During the last Democratic debate, South Bend, Indiana mayor Pete Buttigeg turned a few heads when he suggested that he can relate to the struggles blacks still face. How’s that, you ask? He’s an openly gay man.
Watch Buttigeg make that argument here.
In response to Senator Kamala Harris’ claim that Democratic candidates only care about the black vote at election time, Buttigeg replied that he knows how it feels to experience the sting of discrimination.
While I do not have the experience of ever having been discriminated against because of the color of my skin, I do have the experience of sometimes feeling like a stranger in my own country, turning on the news and seeing my own rights come up for debate, and seeing my rights expanded by a coalition of people like me and people not at all like me.
The comment drew a heated response from several black politicians. Harris, for instance, claimed Buttigeg was being “naive,” while others accused Buttigeg of misappropriating their experience. The criticism came from both sides of the aisle. For instance, black conservative teen CJ Pearson was none too pleased about it when he took to Twitter on Saturday.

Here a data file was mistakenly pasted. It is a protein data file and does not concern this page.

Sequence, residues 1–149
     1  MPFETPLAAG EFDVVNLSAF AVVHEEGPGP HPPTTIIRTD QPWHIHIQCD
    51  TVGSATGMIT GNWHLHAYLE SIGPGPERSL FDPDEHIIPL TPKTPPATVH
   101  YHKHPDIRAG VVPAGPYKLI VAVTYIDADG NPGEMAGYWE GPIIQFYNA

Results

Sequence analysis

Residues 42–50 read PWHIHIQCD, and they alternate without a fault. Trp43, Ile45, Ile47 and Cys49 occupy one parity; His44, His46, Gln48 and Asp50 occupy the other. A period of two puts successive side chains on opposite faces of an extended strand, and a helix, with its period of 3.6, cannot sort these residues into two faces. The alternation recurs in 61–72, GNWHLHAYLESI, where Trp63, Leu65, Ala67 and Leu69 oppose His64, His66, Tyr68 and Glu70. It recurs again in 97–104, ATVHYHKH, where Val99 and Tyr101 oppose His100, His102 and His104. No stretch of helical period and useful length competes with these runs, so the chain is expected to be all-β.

Well, as a black man who has a number of LGBT friends, there’s a simple explanation for Buttigeg’s argument. The black community and LGBT community have one very sad trait in common–in much of the country, both blacks and gays are still regarded as second-class citizens.
Think about it, folks. Years after Loving v. Virginia struck down laws barring people of different races from being married, there are still areas of the country where people look askance at interracial couples. It’s really no different from how people in some of those same regions look askance at a gay or lesbian couple.
Also, consider the spate of “bathroom bills” that have the effect of giving legal sanction to discrimination against transgender people who want to use the bathroom matching their gender identity. Back in 2015, Gillian Frank of Slate noted that these bathroom bills are rooted in one of the main arguments for Jim Crow laws–the supposed need to protect white women.
Frank recalled that calls for integrating bathrooms were often met with pearl-clutching claims that it would give black men carte blanche to sexually assault white women. That argument is not unlike the common argument for bathroom bills–that it will give sexual predators carte blanche to molest kids in the bathroom.
When viewed in historical context, it’s obvious that Buttigeg was on to something. The black community and the LGBT community have both had to fight tooth and nail to be accepted as equal partners in our society. All Buttigeg was saying was that he knew how it felt to be treated as less than equal.
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